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In February 1784, one of the world’s newest countries sent a trading ship to one of the Earth’s oldest civilizations. Thus began the story of the relationship between the peoples of the United States and China. Over the course of the next 225 years, the United States became a superpower, while imperial China was transformed into a modern nation, ready to assume its place on the 21st century stage.
While there were ups and downs in the bilateral relationship, for most of that time, each government concentrated its diplomatic efforts on more urgent threats to its national interests. Throughout the 19th and 20th centuries, the Chinese often focused on Europe, Japan, Russia, and later the Soviet Union, while the United States turned toward Latin America, Europe, and the Middle East.
Yet despite difficulties, the interest of both Americans and Chinese in building ties across the Pacific persisted. And that interest was fueled by the ways in which countless individuals, both Chinese and American, perceived each other. American businessmen first sought profit from tea and fine porcelain, and later dreamed of millions of new “China Trade” customers. Qing officials hoped that the United States could provide some protection against European imperialists, and later, Nationalist Chinese leaders looked to the United States for aid against their Japanese enemies. American missionaries saw China as an opportunity to spread Christianity, while Chinese laborers and students journeyed to America in search of wealth or education, to help their families back home.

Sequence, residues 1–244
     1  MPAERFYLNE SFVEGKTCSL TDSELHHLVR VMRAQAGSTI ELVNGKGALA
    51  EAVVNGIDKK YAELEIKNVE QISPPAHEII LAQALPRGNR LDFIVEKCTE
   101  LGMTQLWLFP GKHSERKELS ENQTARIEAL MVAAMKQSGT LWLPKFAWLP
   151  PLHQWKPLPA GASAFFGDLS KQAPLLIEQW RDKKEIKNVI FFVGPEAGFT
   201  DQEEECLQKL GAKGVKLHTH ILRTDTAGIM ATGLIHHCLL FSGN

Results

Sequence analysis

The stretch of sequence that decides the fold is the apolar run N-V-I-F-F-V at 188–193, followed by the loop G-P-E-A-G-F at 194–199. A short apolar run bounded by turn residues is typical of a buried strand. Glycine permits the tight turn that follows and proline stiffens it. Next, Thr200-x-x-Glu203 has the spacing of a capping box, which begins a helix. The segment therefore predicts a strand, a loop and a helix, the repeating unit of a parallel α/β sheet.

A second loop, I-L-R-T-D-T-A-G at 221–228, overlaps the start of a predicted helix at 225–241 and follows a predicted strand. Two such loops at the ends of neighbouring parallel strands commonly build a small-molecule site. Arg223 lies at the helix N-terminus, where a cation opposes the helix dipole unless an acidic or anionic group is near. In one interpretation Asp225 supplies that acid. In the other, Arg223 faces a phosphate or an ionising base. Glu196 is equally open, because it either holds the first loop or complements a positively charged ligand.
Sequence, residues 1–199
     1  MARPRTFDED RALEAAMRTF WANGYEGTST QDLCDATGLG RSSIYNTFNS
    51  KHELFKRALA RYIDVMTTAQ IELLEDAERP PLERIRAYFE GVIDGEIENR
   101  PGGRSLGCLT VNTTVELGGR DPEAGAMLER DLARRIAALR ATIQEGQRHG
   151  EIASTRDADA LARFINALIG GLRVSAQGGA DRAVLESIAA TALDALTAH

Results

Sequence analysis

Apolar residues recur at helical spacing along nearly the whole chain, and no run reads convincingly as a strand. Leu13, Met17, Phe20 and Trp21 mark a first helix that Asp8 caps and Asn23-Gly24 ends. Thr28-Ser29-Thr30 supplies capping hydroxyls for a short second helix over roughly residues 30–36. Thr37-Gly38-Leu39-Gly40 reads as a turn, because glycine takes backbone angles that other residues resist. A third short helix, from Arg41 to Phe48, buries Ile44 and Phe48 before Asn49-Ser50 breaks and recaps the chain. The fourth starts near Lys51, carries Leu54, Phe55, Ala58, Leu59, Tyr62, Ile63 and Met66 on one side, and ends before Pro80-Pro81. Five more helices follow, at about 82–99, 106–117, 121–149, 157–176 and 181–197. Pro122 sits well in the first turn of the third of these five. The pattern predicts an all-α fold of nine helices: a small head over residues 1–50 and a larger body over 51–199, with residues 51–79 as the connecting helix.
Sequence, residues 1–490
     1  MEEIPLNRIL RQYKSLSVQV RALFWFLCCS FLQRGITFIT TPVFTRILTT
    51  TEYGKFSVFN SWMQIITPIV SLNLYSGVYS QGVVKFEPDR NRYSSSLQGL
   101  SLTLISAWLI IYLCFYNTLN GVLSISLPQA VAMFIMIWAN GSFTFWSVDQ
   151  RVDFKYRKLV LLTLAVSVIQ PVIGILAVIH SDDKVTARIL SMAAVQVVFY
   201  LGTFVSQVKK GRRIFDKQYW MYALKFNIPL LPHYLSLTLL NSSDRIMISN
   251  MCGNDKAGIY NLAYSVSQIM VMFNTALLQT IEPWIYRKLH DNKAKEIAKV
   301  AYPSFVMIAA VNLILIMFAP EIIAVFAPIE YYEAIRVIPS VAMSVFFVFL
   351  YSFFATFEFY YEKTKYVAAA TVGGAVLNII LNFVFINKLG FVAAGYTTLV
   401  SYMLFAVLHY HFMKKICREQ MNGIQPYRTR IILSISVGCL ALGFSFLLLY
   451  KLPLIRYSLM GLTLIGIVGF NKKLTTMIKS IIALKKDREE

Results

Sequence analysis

No matter how often these hopes and aspirations went frustrated or unfulfilled, the dream of such possibilities remained and brought Chinese and Americans together in the pursuit of separate and shared goals. Most importantly, both peoples considered their relationship—despite evidence to the contrary—as one of friendship.
What may have begun as myth became, over time, part of the reality of U.S.-China relations. Realists and ideologues may have dominated diplomacy, and profit-driven businessmen may have dominated trade, but genuine friendship sparked educational and developmental programs. Today, this interrelationship of official and unofficial contacts has produced the most important bilateral relationship of the new century.
At the dawning of the 21st century, the United States and China are deeply intertwined, with countless arenas of possible cooperation or conflict. The implications are global, and it is more important than ever to make that historical belief in friendship a reality.